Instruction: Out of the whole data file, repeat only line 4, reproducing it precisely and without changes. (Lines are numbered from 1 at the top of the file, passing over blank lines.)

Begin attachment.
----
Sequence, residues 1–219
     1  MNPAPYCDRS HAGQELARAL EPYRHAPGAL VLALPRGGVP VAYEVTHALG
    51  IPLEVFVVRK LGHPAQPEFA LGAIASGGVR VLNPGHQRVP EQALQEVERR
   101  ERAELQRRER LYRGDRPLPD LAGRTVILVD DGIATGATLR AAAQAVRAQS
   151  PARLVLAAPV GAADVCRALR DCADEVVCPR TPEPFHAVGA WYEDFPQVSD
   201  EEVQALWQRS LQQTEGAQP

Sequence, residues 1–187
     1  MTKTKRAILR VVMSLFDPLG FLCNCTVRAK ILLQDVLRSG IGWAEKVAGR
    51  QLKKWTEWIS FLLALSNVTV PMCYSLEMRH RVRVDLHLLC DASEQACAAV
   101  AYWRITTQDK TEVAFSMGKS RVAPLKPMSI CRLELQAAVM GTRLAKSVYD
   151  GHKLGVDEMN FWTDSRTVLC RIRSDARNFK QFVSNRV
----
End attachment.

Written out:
   101  ERAELQRRER LYRGDRPLPD LAGRTVILVD DGIATGATLR AAAQAVRAQS